Mandeep has a tech co-founder. This made it easier for Trouva to secure funding and it’s helpful on a day-to-day basis. Nigel echoed the importance of a tech co-founder to raising funding early on. But they both warned against thinking that you need really deep technical expertise to launch a business. A lot of the early development at LoveCrafts was outsourced. There are also a range of tools now that can help. Rich also added a warning note about over-planning the tech. Start-ups pivot all the time, so don’t over-estimate the importance of the first product. And do a lot of testing in the real world – take your product idea to your customers and find out whether they actually like it.


Q5: Did you do a lot of competitor research when you first thought of your business idea, or did you trust your instincts?


Again, it is important to test your idea in the real world, and to see whether you could actually sell your product. As Mandeep put it, what consumers say and what they do is not always the same, so market research isn’t as important/helpful as it might seem. Nigel agreed that, although there is merit in doing some research, there are thousands and thousands of businesses out there that do really well. Consultants are naturally good at spotting when consumer behaviour is changing, so that’s when they should step in with a new business.



Q6: How long should you keep trying before you give up?


It depends on the kind of business you are in. In the test-learn-iterate phase, you should be discarding ideas relatively fast. Looking back, Mandeep now feels that Trouva should have been more ruthless in that phase. Nigel echoed that there’s no hard and fast rule, but that sometimes you do have to give up – on the idea, that is. You don’t have to give up on running your own business if you can test your way to a product that sells.


Q7: How do you deal with having to hire people you don’t know? How do you make sure they are right for your business?


Hiring is hard. As a founder, your business is your baby, so it can be extremely hard to give up control. This is why Mandeep finds it really important to hire people who are better than you, so you can have faith in them. Thinking along the same lines, the key for Rich is to hire functional specialists instead of generalists – however strong the temptation to recruit more of the latter, especially when you are not yet sure which way your business will go.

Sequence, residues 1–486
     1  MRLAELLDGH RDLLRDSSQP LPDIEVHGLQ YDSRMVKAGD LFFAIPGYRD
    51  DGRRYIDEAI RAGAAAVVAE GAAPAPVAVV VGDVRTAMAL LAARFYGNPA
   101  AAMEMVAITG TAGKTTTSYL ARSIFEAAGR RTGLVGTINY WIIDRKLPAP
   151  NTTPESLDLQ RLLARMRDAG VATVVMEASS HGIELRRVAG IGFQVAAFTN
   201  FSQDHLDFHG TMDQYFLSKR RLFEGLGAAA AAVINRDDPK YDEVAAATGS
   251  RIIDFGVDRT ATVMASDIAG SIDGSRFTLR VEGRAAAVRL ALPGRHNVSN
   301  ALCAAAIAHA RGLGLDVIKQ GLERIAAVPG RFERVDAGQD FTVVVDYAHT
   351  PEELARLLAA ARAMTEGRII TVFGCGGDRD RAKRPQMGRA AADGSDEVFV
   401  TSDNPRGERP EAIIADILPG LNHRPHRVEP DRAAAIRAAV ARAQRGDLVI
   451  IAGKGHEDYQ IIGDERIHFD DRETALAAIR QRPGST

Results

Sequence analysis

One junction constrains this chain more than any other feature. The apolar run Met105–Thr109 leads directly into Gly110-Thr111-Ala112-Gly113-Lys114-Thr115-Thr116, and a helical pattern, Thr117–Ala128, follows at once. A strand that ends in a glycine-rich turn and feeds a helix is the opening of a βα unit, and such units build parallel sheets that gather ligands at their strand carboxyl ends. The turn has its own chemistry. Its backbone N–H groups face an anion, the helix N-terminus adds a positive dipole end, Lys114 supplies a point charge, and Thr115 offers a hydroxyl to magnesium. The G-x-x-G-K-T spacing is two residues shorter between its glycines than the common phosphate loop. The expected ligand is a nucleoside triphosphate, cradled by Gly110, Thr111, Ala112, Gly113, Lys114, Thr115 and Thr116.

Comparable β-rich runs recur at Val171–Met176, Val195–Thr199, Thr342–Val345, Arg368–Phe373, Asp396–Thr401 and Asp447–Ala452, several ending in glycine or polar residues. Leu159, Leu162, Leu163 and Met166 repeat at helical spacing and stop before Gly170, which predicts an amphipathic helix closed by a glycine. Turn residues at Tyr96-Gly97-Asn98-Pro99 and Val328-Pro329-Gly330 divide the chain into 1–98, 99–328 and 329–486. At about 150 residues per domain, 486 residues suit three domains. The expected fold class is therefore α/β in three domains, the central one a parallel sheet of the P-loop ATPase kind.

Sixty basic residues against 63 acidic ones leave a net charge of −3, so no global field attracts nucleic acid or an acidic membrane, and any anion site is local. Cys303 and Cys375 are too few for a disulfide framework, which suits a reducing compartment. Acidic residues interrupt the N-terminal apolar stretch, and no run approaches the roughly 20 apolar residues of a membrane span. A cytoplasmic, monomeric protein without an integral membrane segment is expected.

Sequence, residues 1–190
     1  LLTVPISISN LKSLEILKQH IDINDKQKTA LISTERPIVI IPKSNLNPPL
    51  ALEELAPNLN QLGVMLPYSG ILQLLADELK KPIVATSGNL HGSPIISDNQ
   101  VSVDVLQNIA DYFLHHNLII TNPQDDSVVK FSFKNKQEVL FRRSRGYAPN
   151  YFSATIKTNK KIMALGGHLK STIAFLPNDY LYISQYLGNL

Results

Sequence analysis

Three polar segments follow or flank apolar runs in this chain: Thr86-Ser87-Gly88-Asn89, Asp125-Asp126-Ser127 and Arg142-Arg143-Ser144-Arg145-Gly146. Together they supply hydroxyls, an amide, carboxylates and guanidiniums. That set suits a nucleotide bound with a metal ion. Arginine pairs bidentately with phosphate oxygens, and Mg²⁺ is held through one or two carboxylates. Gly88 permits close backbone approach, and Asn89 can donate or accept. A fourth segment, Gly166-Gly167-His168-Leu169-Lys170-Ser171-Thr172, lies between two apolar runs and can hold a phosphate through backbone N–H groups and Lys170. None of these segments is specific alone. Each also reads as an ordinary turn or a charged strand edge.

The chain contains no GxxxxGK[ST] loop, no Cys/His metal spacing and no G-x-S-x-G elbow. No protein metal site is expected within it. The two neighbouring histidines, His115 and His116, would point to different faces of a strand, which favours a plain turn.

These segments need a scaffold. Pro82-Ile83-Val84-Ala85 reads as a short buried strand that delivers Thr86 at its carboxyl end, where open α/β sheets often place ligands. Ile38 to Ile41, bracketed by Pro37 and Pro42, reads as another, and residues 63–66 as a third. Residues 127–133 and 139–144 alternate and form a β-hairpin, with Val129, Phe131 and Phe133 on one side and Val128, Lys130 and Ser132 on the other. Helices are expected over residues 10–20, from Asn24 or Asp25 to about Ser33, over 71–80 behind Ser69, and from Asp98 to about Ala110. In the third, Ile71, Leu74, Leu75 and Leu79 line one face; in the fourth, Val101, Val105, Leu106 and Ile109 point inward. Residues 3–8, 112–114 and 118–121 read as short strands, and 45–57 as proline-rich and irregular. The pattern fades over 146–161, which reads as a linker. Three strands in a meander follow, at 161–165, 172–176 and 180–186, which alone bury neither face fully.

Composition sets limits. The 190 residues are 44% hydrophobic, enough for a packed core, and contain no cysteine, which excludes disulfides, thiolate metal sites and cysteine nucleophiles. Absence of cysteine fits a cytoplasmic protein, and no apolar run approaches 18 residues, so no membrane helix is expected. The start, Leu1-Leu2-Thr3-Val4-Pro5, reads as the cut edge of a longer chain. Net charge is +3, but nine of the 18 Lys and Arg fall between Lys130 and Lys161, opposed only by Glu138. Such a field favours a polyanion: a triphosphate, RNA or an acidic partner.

Q8: How do you make the decision that it’s time to expand?


In Nigel’s experience, this is one of the hardest decisions: what pace do you grow at? As you grow, your costs will increase but so will your opportunities. In the end, the decision is a very personal one so the how and the when depends on the entrepreneur.


While Mandeep agreed, he also reminded everyone that you can’t just stop growing – if you have a great product, you should be growing!


Q9: At what point and why do you go for external investment?


LoveCrafts turned to investors 12 and then 18 months in – they were seeing traction, investing in marketing and product, but couldn’t afford to fund any more growth internally. Trouva was even earlier – nearly as soon as the idea emerged. Mandeep explained that they didn’t even really think that there was another way to go. Movemeon, on the other hand, has never gone to investors because of the different nature of its market.


Q10: If you were to give just one piece of advice to someone starting a business, what would it be?


Rich: Just do it.

Nigel: It’s all about the execution.

Mandeep: Hire people better than you. (6)



Some of the great employers movemeon worked with last month:
Mount capital, Funeral choice, SecretSales, Sonepar, Advancy, Void technologies, Philips, Mangrove Consulting, Active minds, Oxehealth, Camallergy, Clearmatics

Did you know we’ll send you to dinner if you land a job through movemeon?

A big thank you to MoveMeOn again for helping me find another unique and exciting role. You genuinely have the best roles out there for those who enjoy variety and trying something new! Sophie

New right-hand to the CEO, Sharestyle/AllBright